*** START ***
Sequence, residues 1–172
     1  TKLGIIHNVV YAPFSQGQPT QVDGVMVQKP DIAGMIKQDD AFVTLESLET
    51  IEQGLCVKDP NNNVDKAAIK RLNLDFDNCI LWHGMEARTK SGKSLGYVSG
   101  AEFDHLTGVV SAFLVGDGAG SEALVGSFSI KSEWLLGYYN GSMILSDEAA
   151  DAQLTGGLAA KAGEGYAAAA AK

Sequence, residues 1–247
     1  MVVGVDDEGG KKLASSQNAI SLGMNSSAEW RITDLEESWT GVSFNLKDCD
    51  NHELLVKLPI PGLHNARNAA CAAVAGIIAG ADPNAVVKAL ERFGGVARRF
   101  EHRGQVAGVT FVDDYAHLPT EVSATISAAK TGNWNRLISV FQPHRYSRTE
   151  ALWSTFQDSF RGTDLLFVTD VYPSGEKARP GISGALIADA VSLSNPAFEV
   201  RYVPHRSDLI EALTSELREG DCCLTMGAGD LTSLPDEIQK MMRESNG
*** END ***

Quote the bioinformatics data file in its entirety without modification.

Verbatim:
Sequence, residues 1–172
     1  TKLGIIHNVV YAPFSQGQPT QVDGVMVQKP DIAGMIKQDD AFVTLESLET
    51  IEQGLCVKDP NNNVDKAAIK RLNLDFDNCI LWHGMEARTK SGKSLGYVSG
   101  AEFDHLTGVV SAFLVGDGAG SEALVGSFSI KSEWLLGYYN GSMILSDEAA
   151  DAQLTGGLAA KAGEGYAAAA AK

Sequence, residues 1–247
     1  MVVGVDDEGG KKLASSQNAI SLGMNSSAEW RITDLEESWT GVSFNLKDCD
    51  NHELLVKLPI PGLHNARNAA CAAVAGIIAG ADPNAVVKAL ERFGGVARRF
   101  EHRGQVAGVT FVDDYAHLPT EVSATISAAK TGNWNRLISV FQPHRYSRTE
   151  ALWSTFQDSF RGTDLLFVTD VYPSGEKARP GISGALIADA VSLSNPAFEV
   201  RYVPHRSDLI EALTSELREG DCCLTMGAGD LTSLPDEIQK MMRESNG